So Adelaide did not get Bryce Gibbs. Put simply the Crows went into the Trade Period needing to improve their midfield and somehow they came out of it with a less talented midfield. They traded away Jarryd Lyons for virtually nothing and failed to get the Gibbs deal over the line.
It is concerning to hear Adelaide List Manager Justin Reid say that the Crows were approached by Gibbs at the eleventh hour and that their original plans were to pluck a player from the draft rather than search for an elite established midfielder. That is either a blatant lie or a severe lack of a feel as to where Adelaide’s list is currently at. Reading between the lines if Adelaide put a five year deal in front of Gibbs, it is hard to imagine that this was not some sort of designated plan stored somewhere in the filing cabinet. Regardless though, you can understand Carlton’s stubbornness to trade one of their better players who only a couple of years ago signed a five year contract.
Credit to Adelaide with Carlton wanting two first round draft picks for Gibbs. He is not worth that at age 28 nor is he worth trading away Charlie Cameron, Jake Lever and most definitely not the original request of Rory Sloane! So that means you go to Plan B.
Something does not add up in this story. Firstly there were plenty of three way complicated deals done during the Trade Period. Surely there were other clubs who could have got themselves involved in the deal. A swapping of picks here and there. Plan B does not seem to be a theme that is in place at West Lakes. We saw throughout the season the stubbornness from Adelaide to change or tinker with their game plan during games when things were clearly not going well on the field. If Carlton’s asking price was too high and other clubs did not want to involve themselves in the deal, why pursue it the whole two weeks? If you can afford to place a five year deal in front of Gibbs, why not go and dangle a carrot in front of Pearce Hanley, Tom Mitchell, Jaeger O’Meara, Jack Steele? There were other options. If they did do this, why not tell fans, who are angry and at the moment clearly feel like they are not getting the real story. We all pay good money to be members of the Club and the least we deserve is some transparency.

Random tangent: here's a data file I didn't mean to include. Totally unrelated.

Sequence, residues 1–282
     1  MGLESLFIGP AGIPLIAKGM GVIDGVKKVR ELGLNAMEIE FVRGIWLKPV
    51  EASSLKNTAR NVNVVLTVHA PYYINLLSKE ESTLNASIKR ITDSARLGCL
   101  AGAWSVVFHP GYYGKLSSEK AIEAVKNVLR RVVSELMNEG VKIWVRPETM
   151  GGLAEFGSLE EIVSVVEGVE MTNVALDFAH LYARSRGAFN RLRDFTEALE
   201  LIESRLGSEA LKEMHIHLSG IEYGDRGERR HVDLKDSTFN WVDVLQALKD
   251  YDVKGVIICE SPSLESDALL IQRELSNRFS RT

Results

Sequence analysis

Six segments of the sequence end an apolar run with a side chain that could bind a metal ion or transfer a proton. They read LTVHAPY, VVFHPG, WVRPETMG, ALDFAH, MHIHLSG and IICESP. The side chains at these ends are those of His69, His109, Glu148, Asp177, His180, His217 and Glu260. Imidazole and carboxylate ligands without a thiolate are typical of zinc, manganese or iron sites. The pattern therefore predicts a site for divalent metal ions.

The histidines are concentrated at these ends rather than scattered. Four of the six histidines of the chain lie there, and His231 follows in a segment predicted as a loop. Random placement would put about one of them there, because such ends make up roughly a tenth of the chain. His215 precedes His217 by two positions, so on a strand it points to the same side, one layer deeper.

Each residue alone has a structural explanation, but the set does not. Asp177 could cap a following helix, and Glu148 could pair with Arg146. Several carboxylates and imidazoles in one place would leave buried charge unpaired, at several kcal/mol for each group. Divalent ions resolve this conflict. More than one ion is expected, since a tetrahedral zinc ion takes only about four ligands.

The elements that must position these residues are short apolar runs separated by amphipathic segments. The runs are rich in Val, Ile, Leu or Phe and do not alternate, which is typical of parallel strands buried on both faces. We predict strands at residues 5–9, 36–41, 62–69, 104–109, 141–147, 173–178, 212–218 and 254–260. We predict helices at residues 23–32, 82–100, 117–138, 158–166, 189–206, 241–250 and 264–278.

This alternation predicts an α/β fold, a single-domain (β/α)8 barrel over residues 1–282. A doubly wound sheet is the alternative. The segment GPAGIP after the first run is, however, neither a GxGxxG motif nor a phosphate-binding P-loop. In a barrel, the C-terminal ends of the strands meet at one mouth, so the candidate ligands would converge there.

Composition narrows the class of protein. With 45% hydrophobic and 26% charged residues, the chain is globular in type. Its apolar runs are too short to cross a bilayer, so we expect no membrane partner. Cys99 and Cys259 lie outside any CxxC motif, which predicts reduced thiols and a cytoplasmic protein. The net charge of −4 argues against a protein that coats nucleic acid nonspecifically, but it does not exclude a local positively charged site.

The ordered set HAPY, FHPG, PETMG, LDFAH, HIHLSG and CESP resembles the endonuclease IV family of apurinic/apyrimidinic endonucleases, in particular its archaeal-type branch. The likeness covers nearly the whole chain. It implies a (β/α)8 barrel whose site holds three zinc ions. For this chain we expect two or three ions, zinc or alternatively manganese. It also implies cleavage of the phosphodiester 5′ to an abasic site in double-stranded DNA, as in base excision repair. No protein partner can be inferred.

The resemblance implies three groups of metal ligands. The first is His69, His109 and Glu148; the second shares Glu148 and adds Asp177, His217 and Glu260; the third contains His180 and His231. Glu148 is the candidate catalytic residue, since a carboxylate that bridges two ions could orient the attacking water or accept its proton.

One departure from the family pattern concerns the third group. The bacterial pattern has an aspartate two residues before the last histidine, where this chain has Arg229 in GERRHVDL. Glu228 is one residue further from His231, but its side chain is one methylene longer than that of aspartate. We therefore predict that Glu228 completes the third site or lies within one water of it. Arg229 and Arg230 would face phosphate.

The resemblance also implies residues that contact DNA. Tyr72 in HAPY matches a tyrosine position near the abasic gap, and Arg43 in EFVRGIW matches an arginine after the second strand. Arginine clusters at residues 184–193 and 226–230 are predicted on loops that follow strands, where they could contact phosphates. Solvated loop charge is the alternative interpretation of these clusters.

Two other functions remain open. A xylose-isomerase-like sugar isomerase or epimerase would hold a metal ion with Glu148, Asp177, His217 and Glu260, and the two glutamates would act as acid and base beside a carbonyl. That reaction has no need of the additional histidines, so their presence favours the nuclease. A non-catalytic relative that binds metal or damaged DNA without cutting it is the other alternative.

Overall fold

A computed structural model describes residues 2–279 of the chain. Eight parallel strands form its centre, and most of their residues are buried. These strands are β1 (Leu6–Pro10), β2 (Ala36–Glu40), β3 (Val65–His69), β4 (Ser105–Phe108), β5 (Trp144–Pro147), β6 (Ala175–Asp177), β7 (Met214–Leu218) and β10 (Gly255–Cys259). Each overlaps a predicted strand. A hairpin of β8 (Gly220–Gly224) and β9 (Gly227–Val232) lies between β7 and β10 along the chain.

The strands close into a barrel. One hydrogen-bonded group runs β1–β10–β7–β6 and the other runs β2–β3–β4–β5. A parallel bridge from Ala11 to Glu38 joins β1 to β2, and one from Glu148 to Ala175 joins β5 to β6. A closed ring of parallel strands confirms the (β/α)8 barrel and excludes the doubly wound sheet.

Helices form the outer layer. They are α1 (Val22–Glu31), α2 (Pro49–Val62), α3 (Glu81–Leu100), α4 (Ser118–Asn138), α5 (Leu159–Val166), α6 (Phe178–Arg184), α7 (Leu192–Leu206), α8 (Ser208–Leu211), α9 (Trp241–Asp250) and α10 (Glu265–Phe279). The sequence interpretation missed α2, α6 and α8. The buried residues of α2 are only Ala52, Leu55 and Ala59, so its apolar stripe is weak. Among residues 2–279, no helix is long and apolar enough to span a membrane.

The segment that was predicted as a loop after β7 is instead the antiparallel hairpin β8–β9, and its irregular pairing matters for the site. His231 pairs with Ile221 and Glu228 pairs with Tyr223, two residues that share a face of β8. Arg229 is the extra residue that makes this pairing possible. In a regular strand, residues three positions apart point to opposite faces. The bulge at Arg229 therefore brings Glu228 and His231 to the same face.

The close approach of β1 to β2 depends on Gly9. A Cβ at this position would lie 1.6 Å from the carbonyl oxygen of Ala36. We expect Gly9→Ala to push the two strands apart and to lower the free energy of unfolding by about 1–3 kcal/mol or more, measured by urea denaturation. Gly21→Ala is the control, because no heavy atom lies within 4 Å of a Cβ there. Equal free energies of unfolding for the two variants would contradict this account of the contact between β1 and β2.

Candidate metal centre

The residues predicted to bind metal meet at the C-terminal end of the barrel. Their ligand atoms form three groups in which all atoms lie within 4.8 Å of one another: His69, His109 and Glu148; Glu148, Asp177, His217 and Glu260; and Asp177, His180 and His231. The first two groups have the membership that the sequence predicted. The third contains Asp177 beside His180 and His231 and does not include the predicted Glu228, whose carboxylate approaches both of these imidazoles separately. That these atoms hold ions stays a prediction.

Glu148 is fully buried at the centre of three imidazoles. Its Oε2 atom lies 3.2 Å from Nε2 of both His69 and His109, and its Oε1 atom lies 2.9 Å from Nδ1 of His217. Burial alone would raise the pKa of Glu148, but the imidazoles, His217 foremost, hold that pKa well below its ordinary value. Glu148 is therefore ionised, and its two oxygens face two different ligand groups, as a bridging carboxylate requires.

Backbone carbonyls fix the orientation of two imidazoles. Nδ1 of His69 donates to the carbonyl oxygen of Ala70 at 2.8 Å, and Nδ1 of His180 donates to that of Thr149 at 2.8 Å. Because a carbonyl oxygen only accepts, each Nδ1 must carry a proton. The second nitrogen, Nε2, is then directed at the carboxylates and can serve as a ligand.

The line coming out of the Adelaide camp is that there is ‘organic growth’ from within Adelaide’s current list. Firstly organic growth sounds like something you would buy on a Saturday morning at Bunnings. Secondly I agree that there is some serious talent on that list. Harrison Wigg, Riley Knight, Curtly Hampton, Dean Gore, Cam Ellis-Yolmen, Troy Menzel, Wayne Milera, Brad Crouch and Matt Crouch all have improvement left in them. But unfortunately perhaps only Brad Crouch and Milera have the ability to become elite and even then there are no guarantees. Adelaide are one more elite midfielder short. Just one. Is that such a huge task to fix?!
So what happens next? Ricky Henderson, Harry Dear and Mitch Grigg now find themselves in no man’s land. I’d keep all three if possible now that the dust has settled. Although further list changes are likely to come so I do not think all of them will find themselves at West Lakes next year. Pick 13 has to be used on the best midfielder available at that point in the draft and Michael Barlow needs to be looked at if he nominates for the Pre-Season draft.
The Crows had to land a big fish. They failed. And as such Adelaide’s 2017 flag hopes take a huge turn for the worse. All is not lost, but Adelaide needs to start being open and honest with its fans or risk agitating one of the most loyal followers in the league, who turn up week after week at the Adelaide Oval. Oh and never use the term organic growth again. What is really going on?